There are always more colloquial expressions, plus there are pitfalls with dictionary translations. When a number of words are offered in translations, the results can be weird. One classic example is 'The spirit is willing but the flesh is weak', which turned into 'The ghost is ready but the neat is rotten.'

    A votre sante!

    Mohair Sam 9:20 AM  

    @lms - Your rotary phone remembrance brought to mind an 88-year-old aunt of ours who clings to her rotary phone. Couple of years back I bought her a new touch tone cordless with a second unit for her bedroom. She asked me to put it in the hall closet with the others. "The others?" I asked. "Yup," she said, "You're the fourth person to give me that new stuff. But I won't use it, rotary phones are more reliable - phone repairman told me they're making a comeback."

    Her late husband was an AT&T tech. Go figure.

    chefbea 9:20 AM  

    I agree - tough for a monday.
    What does NYAH mean? Maybe I'm not pronouncing it right.
    Puzzle husband loves tater tots!!!
    @Numinus..hope you are on the mend!!!

    Leapfinger 9:29 AM  

    Love a puzzle that STIRs DEPOT, and this one did it with Zoinks. ZOINKS??? What kind of a clue is that? EGAD, anyone who's read any Scarlet Pimpernel books (or listened to the radio show) knows that should have been Zounds!

    Went Rex one better by waffling with OMSK and OREL, finally decided that ORSK was ONEHALF way between the two. So I got to look up three cities, Oblasts and all. Nice geography lesson, but was disappointed that ORSK isn't near the ICEBRIDGE that connected Asia and North America.

    Altogether lovely, and will spend the rest of the day relaxing, only STIR occasionally.

    ArtO 9:43 AM  

    Ditto for most comments. @chef Bea NYAH, NYAH has no meaning. It's just a way of daring a fellow playmate. Origin most likely Brooklyn or the Bronx.

    Bob Kerfuffle 9:47 AM  

    You say "Oblast" (as Rex did), and the only name that comes to my mind is "Kaliningrad." But a quick look at Wikipedia shows me that there are more Oblasts around than I can count!

    retired_chemist 9:53 AM  

    When I did this I thought it was much easier than my unusually slow time would indicate. Apparently not, to judge from the NYT times and the comments here.

    Hand up for OmSK and whiskey tango foxtrot for ICEmRIDGE (yes, I did get that far before seeing there was a problem). Isn't it ka-ching?

    Nice puzzle - glad that Rex has mellowed a bit and likes recent ones.

    Thanks, Mr. Hawkins.

    gregg 9:55 AM  

    My thanks to all who commented on the challenging nature of this puzzle. My time (which I will keep to myself) fell within my typical range for a Monday. Having only worked the NYT crossword for a few months, this makes me feel as if I am making progress.

    As to the taunt NYAH, I note that, when repeated six times, it is to the tune of "Ring Around the Rosie." Perhaps the taunt came before the rhyme.

    lawprof 10:01 AM  

    A Monday puzzle that fought back a little. Typically, Monday gives up with no errors, no writeovers and no challenges. Today, however, Tse before TZU; SYMBIOTIC/SYMBIOsIs; irs/CPA; Yet/YTD. All easily fixed, but enough to put this one in the Medium/Challenging (for Monday) category.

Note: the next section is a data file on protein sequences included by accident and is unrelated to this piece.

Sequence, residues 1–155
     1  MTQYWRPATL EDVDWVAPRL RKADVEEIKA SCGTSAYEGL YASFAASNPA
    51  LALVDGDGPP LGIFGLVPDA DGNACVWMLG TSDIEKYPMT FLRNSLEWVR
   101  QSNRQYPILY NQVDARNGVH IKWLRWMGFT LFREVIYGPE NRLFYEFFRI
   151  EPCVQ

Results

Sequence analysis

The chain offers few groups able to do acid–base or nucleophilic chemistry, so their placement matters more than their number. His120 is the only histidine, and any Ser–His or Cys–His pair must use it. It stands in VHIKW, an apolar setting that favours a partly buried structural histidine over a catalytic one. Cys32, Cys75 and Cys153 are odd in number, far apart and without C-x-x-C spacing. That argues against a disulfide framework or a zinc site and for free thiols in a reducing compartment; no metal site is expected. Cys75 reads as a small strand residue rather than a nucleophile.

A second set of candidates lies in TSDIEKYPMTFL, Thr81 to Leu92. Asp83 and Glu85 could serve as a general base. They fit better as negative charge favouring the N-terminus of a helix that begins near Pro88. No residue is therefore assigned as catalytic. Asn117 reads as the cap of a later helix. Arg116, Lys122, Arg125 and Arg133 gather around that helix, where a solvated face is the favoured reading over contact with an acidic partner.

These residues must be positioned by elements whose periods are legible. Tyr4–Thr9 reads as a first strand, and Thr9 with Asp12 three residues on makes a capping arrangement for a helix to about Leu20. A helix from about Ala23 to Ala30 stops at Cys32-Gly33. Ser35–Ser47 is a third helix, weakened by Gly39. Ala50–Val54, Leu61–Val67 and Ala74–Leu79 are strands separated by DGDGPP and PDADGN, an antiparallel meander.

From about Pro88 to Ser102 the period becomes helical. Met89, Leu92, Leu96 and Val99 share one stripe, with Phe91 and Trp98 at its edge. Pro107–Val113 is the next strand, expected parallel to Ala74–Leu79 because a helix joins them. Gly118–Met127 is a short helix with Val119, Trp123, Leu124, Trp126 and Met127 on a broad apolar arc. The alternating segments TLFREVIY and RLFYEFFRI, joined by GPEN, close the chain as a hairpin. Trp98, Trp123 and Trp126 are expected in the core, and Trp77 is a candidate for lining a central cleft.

One quibble: a LOBO is a Mexican gray wolf, not a timber wolf. (Now that I think about it, that's not a quibble; it's an important distinction).

    r.alphbunker 10:17 AM  

    @Numinous

    Sorry to hear that you are in the hospital. If it were near me I would definitely stop by and talk about this blog with you!

    Arlene 10:18 AM  

    I enjoyed this puzzle too - both the theme and long non-theme answers. I really like TATER TOTS!

    Regarding telephones - those old hard-wired rotary dial phones actually had better sound quality than the new stuff we have today. It was explained to me by techies. So don't try to convince 90-year-olds to switch. So much for progress.

    Steve J 10:22 AM  

    The conversation about rotary phones reminds me of this video of kids trying to figure out how to use a rotary phone. It's both very amusing, and very successful in making you feel really old.

    @jae: I missed that memo. I'm sticking with the (superior) original.

    @Z: I hesitated at CPA as well. Like you, I thought CPAs don't actually tax. Another case of being led astray when expecting precision from crossword clues.

    @Numinous: Sorry you've been laid up. Hope you feel better and are out of the hospital soon.

    @Bob Kerfuffle: Yep, tons of oblasts. They're administrative regions, sort of lying somewhere between a province and a county.

    quilter1 10:24 AM  

    Guess I'm in this constructor's wheelhouse today because I found it easy. I liked ICE BRIDGE the best and it was the first answer I thought of when reading the clue.

    tensace 10:27 AM  

    RARED stumped a Google search and my dictionary. So a big ugh to that.

    I see no symbiosis between whales and barnacles. What benefit derived is really all barnacle. But then I see biologists have broadened the definition to nearly mean "just hanging out together" So the fly I just shooed away and I have an on again, off again symbiotic relationship (literally).

    Does anyone really say IN SUM? Come on.

    Z 10:33 AM  

    In the mail today was a request for a donation from Oxfam America. Instead of address labels or note pads, I found a puzzle by one ACME.